This is a list of players that stand out to me at each position from using my “Checking the Boxes” criteria outlined in my course you can find in our Marketplace. This list is a starting point, from which I build out lineups using game theory and roster construction concepts (which we will also touch on) with the mindset being to find the best plays with big ceilings. Low ownership is a bonus, but not a must. This section will focus primarily on three positions – running back, tight end, and defense – as the other two positions (quarterback and wide receiver) tend to have more dependent tendencies which I try to attack from other angles (which we will get into in the other sections). I like all of these plays on all sites unless otherwise noted:

    Running Back ::

    I’m really not a fan of the running back situation this week, as the top options based on my criteria are all very pricey and also rate slightly lower than the usual top options. My preferred way to build on Draftkings this week will be with cheaper options at running back and hoping they can get me 15-20 points while using the extra salary to load up on high-upside passing game pieces.

    Dalvin Cook

    He checks all the boxes we want and the attention that Minnesota’s passing game will receive from the field should keep his ownership in check.

    Christian McCaffrey

    CMC’s role in games without Elijah Mitchell is, by far, the best role in fantasy football.

    Derrick Henry

    Henry is basically two different players in Titans wins and losses. This week the Titans are favored against a Jaguars team that Henry has demolished over the years. 25+ touches seems very likely in this spot with a solid matchup and potential for some big plays.

    Per my comments above, these first three RBs I like much more on Fanduel than on Draftkings. Their prices are less prohibitive there and allow much better builds around them. That’s not to say that they can’t be played on Draftkings, but it takes a specific type of build to make it work.

    Tony Pollard/Ezekiel Elliott

    Pollard and Elliott should both have solid workloads until the game gets out of hand. Pollard’s explosiveness and the matchup allow him to have a much higher ceiling than Elliott. He is underpriced for his recent performance on both sites. The duo has combined for 42 and 57 DK points in two of the last three weeks, making them viable to play together in this matchup in smaller field contests and also making it likely that the production isn’t an even split and one of them posts a 4x or better score while the other disappoints. The biggest concern here would be a situation where the Texans implode very early and give Dallas short fields that give touchdowns but limit yardage and receptions, while also allowing the Cowboys to put both of these guys on ice early.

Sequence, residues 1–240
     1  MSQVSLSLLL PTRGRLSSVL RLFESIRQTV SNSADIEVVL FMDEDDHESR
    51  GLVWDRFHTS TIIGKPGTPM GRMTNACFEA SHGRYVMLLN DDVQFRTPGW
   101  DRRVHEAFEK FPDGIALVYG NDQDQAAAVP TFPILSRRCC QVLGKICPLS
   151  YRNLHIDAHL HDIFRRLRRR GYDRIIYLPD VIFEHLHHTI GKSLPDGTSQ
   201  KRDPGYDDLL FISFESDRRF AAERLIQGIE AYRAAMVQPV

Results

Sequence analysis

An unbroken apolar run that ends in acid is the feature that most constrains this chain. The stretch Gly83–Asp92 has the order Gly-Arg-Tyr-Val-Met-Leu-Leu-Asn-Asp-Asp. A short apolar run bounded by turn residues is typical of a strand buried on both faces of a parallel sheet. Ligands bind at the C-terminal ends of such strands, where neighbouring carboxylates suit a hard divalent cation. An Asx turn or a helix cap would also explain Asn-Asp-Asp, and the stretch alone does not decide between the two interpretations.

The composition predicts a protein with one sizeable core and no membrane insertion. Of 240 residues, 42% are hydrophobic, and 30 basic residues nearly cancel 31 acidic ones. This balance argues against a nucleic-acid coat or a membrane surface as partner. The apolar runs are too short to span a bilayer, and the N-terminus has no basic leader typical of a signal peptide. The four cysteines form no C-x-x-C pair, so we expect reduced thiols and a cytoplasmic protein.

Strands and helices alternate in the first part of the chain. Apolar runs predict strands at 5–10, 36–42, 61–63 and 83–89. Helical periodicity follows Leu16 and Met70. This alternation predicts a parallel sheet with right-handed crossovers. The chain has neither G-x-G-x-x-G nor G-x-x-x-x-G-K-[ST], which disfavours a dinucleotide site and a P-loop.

D’Andre Swift

    Swift appears to be trending in the right direction with his usage and health, as he took control of Detroit’s backfield in last week’s win over Jacksonville. If Swift is truly taking over the backfield, he’s drastically underpriced. Even if he simply maintains half of the usage, he gets a ton of work in the passing game and has the explosiveness and game environment to pop off for a big game.

    D’onta Foreman

    Foreman is a battering ram facing a run defense that has been battered lately. He has 100+ rushing yards in four of his last six games and is the short-yardage back for the Panthers.

    SIDE NOTES::

    • Rachaad White/Leonard Fournette – The matchup dictates that the Bucs should throw the ball a lot and the Tampa running backs will likely catch a lot of balls like the 12 they combined for on Monday night. It wouldn’t take much for one of them to fall into the end zone and, along with their 5 to 7 points from receptions, be in easy striking distance of a 20-point DK game. As I said earlier, I prefer paying down at RB this week to spend up on receivers, so this option (while seemingly having a lower ceiling) opens up some things.
    • Isiah Pacheco – 15+ touches in four straight games. Very likely in a positive game script. Facing a “run funnel” defense and an offense that struggles to sustain drives, therefore increasing Kansas City’s expected play volume. 20 touches for Pacheco seems very reasonable in this spot and with how he has popped on film this year, I will be surprised if he doesn’t have a big game before the season ends.
    Tight End ::

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    Sonic’s MME Pool

    Sonic is a Milly Maker winner and large-field tournament mastermind who focuses on mass-multi-entry play